Tennis fans at Wimbledon have said they are saddened, disappointed and frustrated by Sir Andy Murray’s loss after a hard-fought match on day three.
The two-time Wimbledon winner crashed out of The Championships on Wednesday evening after losing to the US’ John Isner.
Sir Andy’s defeat comes hours after British women’s fan favourite Emma Raducanu lost to France’s Caroline Garcia, and one day after 23-time grand slam winner Serena Williams was knocked out of the grand slam in her first game.
During the game, Murray was seen covering his face in despair and bowing his head towards the ground after losing a point.
Centre Court spectators echoed his emotions in the moments after the match, attributing his loss to Isner’s strong serve and speculating that it could lead to lower attendance figures in the coming days.
Lucy Morrison, 48, a housewife from East Sheen in nearby SW14, told the PA news agency: “It’s just so devastating, always, he had this in the palm of his hands until he meets someone like that, you can’t beat that serve.
“When you see that guy’s serve, you get to the tie break, you’re never going to beat him on a tie break.
Speaking about team GB’s performance overall, Ms Morrison added: “We thought we had the best line-up – we did, but we’ve just seen two Brits go out, which is really sad.
“We’ve got to set our sights on the up-and-coming newbies.”
Ms Morrison noted that there were “still seats available” even in the Centre Court game.
Richard Evans, 32, from Peckham, south-east London watched on the court with his girlfriend, and said after the downfall of some major British names Wimbledon officials are “going to struggle to get people here”.
He told PA: “I think it’s a shame for Murray but John Isner just played really well.
“I thought it was always going to be a tough match, so it’s unfortunate.
“Today’s not been great for the Brits at all, I think Wimbledon are going to struggle to get people here now.”
“Norrie got through today and he’s a great player,” he added.
“Maybe it’s time for some new players to do well.”
Murray fan Lynne Lanyon, 71, a nurse from Plymouth, south-west England, said she was disappointed by his loss but “enjoyed every minute” of the match.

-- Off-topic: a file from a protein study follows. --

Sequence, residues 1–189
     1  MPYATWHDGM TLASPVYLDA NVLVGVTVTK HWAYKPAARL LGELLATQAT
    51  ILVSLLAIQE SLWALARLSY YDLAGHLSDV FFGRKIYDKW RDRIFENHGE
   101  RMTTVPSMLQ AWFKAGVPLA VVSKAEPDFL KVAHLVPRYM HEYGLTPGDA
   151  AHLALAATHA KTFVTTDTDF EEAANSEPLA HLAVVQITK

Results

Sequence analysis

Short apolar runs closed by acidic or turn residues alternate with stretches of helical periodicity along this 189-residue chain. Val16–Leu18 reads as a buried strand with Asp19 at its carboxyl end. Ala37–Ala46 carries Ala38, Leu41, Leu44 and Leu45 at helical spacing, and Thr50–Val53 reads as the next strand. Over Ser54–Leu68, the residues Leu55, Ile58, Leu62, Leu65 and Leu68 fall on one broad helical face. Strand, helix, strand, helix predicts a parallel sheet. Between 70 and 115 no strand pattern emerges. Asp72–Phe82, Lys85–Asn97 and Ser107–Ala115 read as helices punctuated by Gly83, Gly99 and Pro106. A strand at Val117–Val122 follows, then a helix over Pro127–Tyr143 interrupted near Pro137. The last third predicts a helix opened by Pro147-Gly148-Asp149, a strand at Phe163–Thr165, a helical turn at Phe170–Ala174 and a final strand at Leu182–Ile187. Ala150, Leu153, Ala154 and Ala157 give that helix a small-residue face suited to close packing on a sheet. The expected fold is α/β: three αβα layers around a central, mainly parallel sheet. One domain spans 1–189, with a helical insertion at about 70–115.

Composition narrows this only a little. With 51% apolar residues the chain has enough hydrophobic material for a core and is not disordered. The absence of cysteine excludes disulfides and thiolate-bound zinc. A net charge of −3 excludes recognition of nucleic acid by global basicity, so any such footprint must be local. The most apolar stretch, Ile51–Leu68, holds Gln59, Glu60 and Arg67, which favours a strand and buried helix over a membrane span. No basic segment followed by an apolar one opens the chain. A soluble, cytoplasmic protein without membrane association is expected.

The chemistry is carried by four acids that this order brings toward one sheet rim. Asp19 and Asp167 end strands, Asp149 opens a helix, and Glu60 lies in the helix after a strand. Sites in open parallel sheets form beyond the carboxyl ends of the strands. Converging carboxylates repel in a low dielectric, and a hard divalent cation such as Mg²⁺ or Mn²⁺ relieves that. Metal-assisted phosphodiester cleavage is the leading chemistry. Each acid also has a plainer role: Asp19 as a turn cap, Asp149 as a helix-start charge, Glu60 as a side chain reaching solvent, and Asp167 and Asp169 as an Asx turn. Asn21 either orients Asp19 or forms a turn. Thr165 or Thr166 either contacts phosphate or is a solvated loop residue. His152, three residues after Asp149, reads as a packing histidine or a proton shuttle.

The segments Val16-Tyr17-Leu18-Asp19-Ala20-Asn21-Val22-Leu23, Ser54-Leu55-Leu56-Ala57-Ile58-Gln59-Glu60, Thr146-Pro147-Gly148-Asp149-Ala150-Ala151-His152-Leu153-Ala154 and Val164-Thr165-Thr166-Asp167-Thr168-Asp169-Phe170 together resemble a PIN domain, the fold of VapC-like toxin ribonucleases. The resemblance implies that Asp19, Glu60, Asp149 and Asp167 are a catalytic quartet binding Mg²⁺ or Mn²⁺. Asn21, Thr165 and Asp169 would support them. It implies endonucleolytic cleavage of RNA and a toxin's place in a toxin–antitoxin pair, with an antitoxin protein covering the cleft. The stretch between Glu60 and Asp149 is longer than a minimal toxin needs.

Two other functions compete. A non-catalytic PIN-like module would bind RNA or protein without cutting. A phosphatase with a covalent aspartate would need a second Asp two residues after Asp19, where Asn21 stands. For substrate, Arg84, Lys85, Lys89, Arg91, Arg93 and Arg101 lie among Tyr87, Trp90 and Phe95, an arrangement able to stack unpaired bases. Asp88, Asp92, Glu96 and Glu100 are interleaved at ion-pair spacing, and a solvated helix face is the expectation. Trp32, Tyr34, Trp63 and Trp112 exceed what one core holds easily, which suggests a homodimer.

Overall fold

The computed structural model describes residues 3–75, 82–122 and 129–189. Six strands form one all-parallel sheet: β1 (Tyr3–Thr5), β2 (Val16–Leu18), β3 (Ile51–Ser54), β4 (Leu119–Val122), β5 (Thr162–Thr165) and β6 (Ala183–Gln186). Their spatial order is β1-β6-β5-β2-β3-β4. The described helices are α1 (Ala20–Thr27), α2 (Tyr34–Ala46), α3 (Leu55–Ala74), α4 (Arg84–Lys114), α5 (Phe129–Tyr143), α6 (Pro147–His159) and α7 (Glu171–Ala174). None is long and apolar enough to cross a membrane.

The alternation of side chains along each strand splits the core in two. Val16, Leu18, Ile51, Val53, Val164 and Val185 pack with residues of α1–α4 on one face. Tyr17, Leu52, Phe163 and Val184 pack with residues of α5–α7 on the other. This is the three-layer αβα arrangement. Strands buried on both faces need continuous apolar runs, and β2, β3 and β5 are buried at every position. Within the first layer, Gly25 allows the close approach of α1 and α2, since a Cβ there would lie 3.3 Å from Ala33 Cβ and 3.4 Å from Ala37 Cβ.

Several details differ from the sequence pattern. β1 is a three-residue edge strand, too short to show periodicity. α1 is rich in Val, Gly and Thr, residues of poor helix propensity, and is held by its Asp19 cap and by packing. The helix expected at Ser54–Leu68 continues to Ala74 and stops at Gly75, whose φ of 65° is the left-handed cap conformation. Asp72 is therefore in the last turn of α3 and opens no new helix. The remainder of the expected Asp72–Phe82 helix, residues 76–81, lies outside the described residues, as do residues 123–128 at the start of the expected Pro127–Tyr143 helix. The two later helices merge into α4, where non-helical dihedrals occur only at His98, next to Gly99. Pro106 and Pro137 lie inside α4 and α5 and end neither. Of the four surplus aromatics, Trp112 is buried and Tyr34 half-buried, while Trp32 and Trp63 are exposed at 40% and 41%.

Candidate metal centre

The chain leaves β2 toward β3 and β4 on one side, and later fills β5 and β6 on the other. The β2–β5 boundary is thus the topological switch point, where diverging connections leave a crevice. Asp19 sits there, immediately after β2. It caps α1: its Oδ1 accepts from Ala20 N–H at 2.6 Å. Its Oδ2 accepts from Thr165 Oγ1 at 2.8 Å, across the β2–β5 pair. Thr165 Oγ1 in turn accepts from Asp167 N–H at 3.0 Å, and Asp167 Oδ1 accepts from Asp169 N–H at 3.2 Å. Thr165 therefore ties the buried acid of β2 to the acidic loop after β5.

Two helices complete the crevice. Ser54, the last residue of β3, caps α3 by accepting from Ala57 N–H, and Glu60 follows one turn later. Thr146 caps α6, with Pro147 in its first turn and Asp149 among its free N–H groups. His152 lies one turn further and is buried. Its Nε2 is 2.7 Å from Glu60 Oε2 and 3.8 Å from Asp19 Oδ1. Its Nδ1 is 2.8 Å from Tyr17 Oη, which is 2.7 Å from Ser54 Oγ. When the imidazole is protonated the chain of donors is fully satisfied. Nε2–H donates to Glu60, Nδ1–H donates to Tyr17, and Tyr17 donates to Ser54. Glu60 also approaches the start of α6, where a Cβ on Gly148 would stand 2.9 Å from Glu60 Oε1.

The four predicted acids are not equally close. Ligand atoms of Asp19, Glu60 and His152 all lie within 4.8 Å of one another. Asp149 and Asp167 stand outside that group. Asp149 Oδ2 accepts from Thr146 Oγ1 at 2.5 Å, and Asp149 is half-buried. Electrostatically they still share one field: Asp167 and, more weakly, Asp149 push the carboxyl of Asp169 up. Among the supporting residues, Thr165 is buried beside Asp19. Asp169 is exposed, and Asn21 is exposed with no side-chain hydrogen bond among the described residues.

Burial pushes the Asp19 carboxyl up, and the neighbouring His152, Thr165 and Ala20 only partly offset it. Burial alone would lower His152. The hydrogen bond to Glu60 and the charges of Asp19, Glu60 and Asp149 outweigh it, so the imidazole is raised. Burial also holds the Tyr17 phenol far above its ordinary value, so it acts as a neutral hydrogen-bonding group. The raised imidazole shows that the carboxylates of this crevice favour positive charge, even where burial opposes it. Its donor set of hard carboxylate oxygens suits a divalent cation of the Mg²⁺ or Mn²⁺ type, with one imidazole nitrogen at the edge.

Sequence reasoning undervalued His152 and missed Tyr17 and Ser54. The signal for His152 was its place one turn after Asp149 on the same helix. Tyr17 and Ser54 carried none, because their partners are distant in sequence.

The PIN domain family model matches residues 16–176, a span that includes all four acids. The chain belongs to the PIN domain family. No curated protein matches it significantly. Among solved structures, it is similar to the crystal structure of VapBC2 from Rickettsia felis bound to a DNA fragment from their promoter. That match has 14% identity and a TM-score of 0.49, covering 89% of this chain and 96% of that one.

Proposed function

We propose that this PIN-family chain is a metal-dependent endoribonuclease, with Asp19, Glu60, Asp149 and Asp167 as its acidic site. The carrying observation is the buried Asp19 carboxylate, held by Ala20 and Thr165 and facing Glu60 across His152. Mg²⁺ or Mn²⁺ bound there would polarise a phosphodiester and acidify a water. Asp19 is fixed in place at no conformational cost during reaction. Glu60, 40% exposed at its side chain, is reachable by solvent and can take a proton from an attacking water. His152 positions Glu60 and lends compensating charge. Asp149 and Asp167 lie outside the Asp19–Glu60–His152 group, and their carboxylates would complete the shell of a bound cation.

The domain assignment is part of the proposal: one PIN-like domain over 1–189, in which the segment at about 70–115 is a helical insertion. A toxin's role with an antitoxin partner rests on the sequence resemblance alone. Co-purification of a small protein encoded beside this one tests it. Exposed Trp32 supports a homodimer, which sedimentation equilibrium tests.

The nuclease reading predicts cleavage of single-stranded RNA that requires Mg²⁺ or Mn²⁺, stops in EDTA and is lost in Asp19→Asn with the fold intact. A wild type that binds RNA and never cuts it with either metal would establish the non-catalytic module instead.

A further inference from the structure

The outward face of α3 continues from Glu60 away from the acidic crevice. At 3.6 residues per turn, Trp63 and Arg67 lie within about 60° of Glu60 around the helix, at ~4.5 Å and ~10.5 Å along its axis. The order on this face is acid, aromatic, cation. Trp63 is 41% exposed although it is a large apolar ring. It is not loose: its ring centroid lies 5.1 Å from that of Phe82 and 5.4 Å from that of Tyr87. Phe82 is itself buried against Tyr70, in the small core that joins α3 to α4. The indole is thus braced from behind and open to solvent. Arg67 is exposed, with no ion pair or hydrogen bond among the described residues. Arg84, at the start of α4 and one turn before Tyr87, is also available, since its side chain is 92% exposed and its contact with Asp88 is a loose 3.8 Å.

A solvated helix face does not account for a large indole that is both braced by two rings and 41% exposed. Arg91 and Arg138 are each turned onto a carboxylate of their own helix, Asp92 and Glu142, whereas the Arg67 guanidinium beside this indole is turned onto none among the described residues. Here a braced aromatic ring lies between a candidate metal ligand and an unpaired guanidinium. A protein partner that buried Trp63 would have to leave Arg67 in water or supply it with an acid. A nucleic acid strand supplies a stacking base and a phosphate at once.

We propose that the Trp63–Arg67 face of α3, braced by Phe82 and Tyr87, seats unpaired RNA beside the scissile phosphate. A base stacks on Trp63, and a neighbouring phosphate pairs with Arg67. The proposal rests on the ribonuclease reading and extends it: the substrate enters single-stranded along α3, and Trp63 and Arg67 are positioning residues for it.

Ms Lanyon, who was watching with her daughter Amy, said: “I wish Andy had won, but it was a hard match to win against such a big server, but you cannot deny Andy’s determination, unbelievable.
“He never gives up, he never gives in, he’s such a joy to watch, an absolute joy.
“So much emotion, it’s great.”
When asked what her emotions were on seeing him lose, she said: “Disappointment but it was such a good match.
“We really enjoyed every minute.”
Amy Lanyon, 35, an office manager also from Plymouth, added: “I thought he played really well but he lost the first two sets which was quite difficult.
“But the other guy was just so… his serves were amazing, his game was just on point, so I think it was hard for him to come back to.”
Dominique Sikora, 54, from Liege in Belgium, said even the foreign tennis fans felt Sir Andy’s anguish at the loss.
Mr Sikora, an estate agent, told PA: “I’m not British so for me, I was neutral.
“It was a great match and of course, I’m sad for Andy Murray because he’s a fantastic player, one of the best of the world, of all time, but John Isner made an incredible match with his biggest serve ever too.
“So what can Andy Murray do with this?
“It’s very very difficult to play John Isner.”
He added that he was “a little bit surprised” about the early knockouts of Serena Williams, Murray and Raducanu but highlighted the US player’s age and the injuries beleaguering the British stars.